A dinner in street.

‘Haeli(tell me)’ cashier nodded his head at me.

‘Masal dosa’ I said and showed a finger to tell him the count.

‘Thirty.  haeeyyyy…. ‘ he said and rushed to the street. Three teenagers were racing on a bike and dashed over a couple.

They didn’t stop, though there were too many hands trying to grab a hold of them –  the three teenagers. They managed to escape them all and dashed themselves, missing the balance, on the vehicles that were parked at the sides of the street shop – I was waiting for Masal dosa. Few grabbed their collar, few jumped over them, many punched on their face. There was much hassle.

I got my dosa a little while later, sat over a concrete near the shop and started feeding my hunger.

‘What is happening here?!’ a voice directed towards me. A white.

I told him what happened there, repeating many words again and again, I couldn’t twist my tongue proper to his mother language.

‘But, why did they dash on those vehicles? ‘

‘They were trying to escape’ I said.

‘Aaaahhhh…’ he said and shock his head.

He was eating ‘Set dosa’ with a coffee by the side,  with bare hands.

‘Good to see you eat with bare hands’ I smiled.

He laughed out loud. “Food that are costlier than these are not tastier than these”

‘Where are you from?! You are here for very long?! ‘ I asked. He said, he is from London and he has been in India for six months now,  traveling along Kerela and Tamil Nadu for past five months and his stay in Bangalore of one month is getting over by tomorrow.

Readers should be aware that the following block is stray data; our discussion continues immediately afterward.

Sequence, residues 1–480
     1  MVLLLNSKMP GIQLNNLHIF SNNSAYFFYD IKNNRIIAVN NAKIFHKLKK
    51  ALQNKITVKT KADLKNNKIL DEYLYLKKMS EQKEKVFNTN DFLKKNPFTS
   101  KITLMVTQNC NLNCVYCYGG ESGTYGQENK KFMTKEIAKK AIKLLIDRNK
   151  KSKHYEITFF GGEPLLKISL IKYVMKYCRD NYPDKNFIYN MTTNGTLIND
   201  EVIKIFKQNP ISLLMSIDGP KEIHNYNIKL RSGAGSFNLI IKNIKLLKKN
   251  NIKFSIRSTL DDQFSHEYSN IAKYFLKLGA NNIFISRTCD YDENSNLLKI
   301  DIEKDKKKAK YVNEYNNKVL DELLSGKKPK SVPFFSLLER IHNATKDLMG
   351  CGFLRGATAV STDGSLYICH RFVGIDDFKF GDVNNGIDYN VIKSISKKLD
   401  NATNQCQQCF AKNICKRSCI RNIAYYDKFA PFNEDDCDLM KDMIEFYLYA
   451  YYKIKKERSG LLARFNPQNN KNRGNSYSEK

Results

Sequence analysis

‘I’m leaving Bangalore tomorrow, but I don’t know where I’m going next. My travel so far has been as this, zero planning’ he grinned.

I excused to get me a coffee,  got one and went back again to him.

‘How do you feel about the past six months here? ‘

Staring with food, he continues praising good about culture, tradition and people.

‘People here handle things by themselves,  which I don’t see in London, I mean, in terms of dealing things among themselves as it just happened now, in that hassle; without taking it over to an burocracy level. Ah.. where are those three guys who got caught?!’

‘Their plea has been considered after the smashing’ I said.

He was raving about things here, I don’t know if it was because of my emotive nature, but I was more than proud. Perhaps, gloating. I couldn’t get ride of that thick grin that was sticking on my face.

‘You people get rid of your politicians somehow, I mean, somehow… You people can handle it all with yourself, you just don’t need them’ there was a firm genuineness in his expression then.

I was just sitting there, with my grin for sometime.

‘Alright man, good to see you, have a wonderful trip’, I wished him and started walking home.

Only after crossing few meters, I remembered I had left the coffee glass in the place we were talking and didn’t give it back to the shop.

I went back there only to see no coffee glass at the place I kept but the English guy I was talking to had picked my glass as well, along with his plate and his coffee glass, and was giving it to the shop. He was modest enough to pick something I used. I wouldn’t have done that in his place, just until then.

I left the place, with a sense of making something really ugly. Only I couldn’t put that “Why?!” into words here.